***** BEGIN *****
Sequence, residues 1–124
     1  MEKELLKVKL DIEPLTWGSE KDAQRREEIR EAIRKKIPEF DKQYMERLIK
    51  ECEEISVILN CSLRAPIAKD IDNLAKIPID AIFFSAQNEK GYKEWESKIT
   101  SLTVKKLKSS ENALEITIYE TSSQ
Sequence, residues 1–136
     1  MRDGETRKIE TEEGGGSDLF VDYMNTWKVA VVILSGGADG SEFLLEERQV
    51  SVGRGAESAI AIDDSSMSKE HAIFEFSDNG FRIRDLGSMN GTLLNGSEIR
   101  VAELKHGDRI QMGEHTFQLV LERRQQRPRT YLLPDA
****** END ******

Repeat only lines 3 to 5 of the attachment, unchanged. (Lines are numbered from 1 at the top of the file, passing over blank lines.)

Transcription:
    51  ECEEISVILN CSLRAPIAKD IDNLAKIPID AIFFSAQNEK GYKEWESKIT
   101  SLTVKKLKSS ENALEITIYE TSSQ
Sequence, residues 1–136